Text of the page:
Tina Fey‘s latest comedy-drama “Whiskey Tango Foxtrot” opened to $7.6 million, marking one of the actress’ lower-grossing movies in her career.
Produced on a budget of $35 million, the Paramount film co-starring Margot Robbie, Martin Freeman, Alfred Molina and Billy Bob Thornton fell short even after pre-release tracking pegged an opening more in the $8 million to $10 million range.
“It was definitely a kind of surprise considering she’s one of the most recognizable comedians working today,” Exhibitor Relations senior analyst Jeff Bock told TheWrap. “Even her commercials are funny.”
And while the film has yet to open internationally, experts cite several reasons for the film’s disappointing return so far.
1. The Subject Matter
“Whiskey Tango Foxtrot” is based on Kim Baker’s memoir “The Taliban Shuffle: Strange Days in Afghanistan and Pakistan,” which follows her experience covering the wars in both countries for an American broadcast network. In the film, you see bombs exploding and people dying and audiences get a closer glimpse of the troops’ difficulties in the war zone.
“It has everything to do with the subject matter which they tried to mask in the advertising of the film,” said Bock. “That kind of drama is hard to laugh at.”
The film’s R-rating probably didn’t help, either.
2. An Unidentifiable Genre
The film was marketed as a comedy, but it’s more of a dramedy that mixes the intense subject matter with funny one-liners that are quickly masked by wartime reporters getting hurt or a bomb wrecking a city.
War-based comedies have had trouble resonating with audiences in recent years, as Bill Murray‘s “Rock the Kasbah” proved last fall.
3. Overall Marketing
Apart from some trailers, there was relatively little marketing for the film — and much of it focused on the comedic aspects. The film had little to no social media presence, overshadowed by talk for “Zootopia,” and the reviews for the film didn’t really help, either.
On Rotten Tomatoes, the film has a 61 percent positive score, many praising Fey’s performance within a serious genre but insisting that the film had nothing else going for it. The film received a B on CinemaScore.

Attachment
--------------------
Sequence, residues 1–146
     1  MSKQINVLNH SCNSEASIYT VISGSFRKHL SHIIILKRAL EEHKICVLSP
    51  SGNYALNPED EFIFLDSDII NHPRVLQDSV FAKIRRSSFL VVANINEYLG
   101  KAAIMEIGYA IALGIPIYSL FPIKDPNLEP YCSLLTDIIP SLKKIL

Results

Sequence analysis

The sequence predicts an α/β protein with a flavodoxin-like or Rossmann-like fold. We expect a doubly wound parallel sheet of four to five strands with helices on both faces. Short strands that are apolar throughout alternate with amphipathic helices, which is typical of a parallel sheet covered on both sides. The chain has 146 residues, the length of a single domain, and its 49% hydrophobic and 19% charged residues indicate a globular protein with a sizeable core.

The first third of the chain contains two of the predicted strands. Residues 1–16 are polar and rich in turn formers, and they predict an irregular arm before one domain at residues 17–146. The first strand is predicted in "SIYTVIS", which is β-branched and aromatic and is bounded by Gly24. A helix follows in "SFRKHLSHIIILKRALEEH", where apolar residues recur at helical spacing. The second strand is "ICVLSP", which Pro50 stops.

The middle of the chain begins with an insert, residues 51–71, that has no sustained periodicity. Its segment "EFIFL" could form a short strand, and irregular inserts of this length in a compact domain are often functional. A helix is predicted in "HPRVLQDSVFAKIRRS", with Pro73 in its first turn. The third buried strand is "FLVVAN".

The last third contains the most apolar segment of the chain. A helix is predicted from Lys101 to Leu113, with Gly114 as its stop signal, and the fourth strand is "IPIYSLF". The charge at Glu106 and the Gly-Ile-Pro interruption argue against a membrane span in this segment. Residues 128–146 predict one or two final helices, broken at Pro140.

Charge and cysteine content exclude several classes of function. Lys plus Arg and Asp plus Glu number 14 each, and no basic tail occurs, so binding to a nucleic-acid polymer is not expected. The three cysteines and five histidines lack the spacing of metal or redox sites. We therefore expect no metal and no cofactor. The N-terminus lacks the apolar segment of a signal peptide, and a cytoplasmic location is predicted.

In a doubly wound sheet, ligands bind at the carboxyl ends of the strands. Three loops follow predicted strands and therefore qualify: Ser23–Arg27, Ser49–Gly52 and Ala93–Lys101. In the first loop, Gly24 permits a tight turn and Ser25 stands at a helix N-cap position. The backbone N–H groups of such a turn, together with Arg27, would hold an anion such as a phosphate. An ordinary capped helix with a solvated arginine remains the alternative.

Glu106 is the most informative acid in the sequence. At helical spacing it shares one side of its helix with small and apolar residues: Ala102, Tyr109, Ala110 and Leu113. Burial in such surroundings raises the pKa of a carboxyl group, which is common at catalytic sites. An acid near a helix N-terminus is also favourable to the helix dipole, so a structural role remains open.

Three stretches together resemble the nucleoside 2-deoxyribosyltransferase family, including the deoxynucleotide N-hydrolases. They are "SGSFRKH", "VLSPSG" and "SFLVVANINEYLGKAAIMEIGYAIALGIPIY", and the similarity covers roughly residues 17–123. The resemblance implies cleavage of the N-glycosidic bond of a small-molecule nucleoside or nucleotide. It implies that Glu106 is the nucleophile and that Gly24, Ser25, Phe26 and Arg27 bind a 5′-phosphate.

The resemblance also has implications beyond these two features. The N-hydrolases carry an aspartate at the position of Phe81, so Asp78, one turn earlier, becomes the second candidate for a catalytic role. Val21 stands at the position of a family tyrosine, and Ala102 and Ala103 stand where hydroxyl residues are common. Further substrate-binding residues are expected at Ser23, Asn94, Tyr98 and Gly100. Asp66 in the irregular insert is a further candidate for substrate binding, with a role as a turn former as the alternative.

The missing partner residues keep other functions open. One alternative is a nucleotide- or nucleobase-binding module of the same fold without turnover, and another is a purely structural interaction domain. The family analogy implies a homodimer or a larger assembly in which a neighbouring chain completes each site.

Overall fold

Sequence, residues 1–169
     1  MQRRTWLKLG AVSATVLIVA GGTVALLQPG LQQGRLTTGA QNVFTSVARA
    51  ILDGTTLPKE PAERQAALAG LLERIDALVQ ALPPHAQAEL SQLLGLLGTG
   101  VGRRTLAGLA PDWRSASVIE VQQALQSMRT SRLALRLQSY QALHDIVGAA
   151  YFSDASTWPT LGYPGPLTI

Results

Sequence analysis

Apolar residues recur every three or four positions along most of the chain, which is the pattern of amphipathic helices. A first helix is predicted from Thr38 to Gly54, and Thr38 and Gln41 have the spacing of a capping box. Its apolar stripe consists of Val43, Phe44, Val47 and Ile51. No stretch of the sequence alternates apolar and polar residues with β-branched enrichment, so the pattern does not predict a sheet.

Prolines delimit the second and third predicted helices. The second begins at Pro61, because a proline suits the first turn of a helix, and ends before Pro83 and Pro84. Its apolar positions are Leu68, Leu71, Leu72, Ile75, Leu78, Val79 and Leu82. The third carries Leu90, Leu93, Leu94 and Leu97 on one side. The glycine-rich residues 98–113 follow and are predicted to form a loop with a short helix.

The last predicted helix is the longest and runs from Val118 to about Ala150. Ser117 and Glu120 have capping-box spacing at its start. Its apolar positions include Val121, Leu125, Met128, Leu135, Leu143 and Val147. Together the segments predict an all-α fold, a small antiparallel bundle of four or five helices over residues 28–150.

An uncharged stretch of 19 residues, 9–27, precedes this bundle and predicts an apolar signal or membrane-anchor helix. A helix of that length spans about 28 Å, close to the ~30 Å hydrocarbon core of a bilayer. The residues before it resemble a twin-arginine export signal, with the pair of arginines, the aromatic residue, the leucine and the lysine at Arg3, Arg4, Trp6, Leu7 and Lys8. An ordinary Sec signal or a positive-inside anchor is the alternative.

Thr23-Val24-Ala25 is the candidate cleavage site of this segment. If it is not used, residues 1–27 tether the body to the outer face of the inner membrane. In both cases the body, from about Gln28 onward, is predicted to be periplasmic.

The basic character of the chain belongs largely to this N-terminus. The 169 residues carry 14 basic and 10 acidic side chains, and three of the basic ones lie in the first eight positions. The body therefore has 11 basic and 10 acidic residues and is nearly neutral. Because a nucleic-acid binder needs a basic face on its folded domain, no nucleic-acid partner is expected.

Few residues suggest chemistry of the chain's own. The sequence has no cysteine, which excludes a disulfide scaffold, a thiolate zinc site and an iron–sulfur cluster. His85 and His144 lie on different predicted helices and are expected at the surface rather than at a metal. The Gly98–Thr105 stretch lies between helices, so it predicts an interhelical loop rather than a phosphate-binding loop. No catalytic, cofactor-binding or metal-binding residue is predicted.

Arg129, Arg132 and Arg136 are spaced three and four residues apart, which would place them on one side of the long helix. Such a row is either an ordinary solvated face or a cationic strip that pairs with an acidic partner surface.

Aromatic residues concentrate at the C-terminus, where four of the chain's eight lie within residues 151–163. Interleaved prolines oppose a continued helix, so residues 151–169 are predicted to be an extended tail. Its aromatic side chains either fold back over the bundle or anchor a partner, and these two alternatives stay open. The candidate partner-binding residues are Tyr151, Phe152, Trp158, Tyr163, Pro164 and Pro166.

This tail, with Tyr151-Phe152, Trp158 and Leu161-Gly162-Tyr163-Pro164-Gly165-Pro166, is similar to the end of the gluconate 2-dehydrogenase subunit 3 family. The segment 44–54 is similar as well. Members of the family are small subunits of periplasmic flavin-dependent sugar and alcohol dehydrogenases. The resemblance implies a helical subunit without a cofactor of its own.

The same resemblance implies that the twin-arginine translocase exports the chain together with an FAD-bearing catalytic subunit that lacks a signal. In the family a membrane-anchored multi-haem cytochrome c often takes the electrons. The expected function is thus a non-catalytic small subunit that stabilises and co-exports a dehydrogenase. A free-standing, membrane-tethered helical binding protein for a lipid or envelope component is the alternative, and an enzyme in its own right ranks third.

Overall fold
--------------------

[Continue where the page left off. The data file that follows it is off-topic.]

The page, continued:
Paramount did not respond to TheWrap’s requests for comment.
4. Tina Fey Was Outside Her Wheelhouse
Fey’s top three grossing movies have all been comedies (and that’s not even counting her voice role in the animated hit “Megamind”): “Date Night” with Steve Carell made $98.7 million; “Sisters,” starring Amy Poehler, grossed $86.9 million, and “Mean Girls” hti $86 million.
But “Whiskey Tango Foxtrot” marked her first starring dramatic role — a stretch that few comedic actresses have been able to manage with audiences. “I do think she’s treading new territory,” said Bock. “It’s a tough crossover, and it doesn’t happen often … When you bill yourself as a funny woman, that’s what audiences expect.”
5. She’s Also Unproven as a Solo Lead
In all of Fey’s previous big-screen roles, she’s been part of a larger ensemble (2014’s “This Is Where I Leave You” and “Muppets Most Wanted”) or shared the spotlight with a comparably famous co-star (Paul Rudd in 2013’s “Admission, Amy Poehler in 2008’s “Baby Mama” and last year’s “Sisters”).
Not every star can open a film on the strength of their own brand, of course, and “Whiskey Tango Foxtrot” suggests that Fey remains unproven in that regard.
6. Stiff Competition
While March used to offer a box office lull, it has become increasingly competitive since “Hunger Games” opened in 2012.
That’s been proven true this month, with the mammoth $75.1 million opening for Disney Animation’s “Zootopia” as well as holdover business for last month’s surprise megahit “Deadpool,” which took in additional $16.7 million last weekend.
“It used to be a month where smaller films could finds their way, but now March has turned into a Gladiator-school in terms of blockbusters,” comScore senior analyst Paul Dergarabedian said.
7. That Confusing Title
In military terms, “Whiskey Tango Foxtrot” spells out, “what the fuck,” a phrase that’s relevant to the film’s grim view of our overseas military efforts. But many average Americans are unfamiliar with the term.
“Titles are very important,” said Dergarabedian. “You look at something like ‘Deadpool,’ that doesn’t scream out like it’s a great title, but had a huge social media presence to explain what it was and what it is is about. ‘Whiskey Tango Foxtrot’ didn’t have that.”
He added, “There is sometimes an identity crisis with movie titles that people don’t really get.”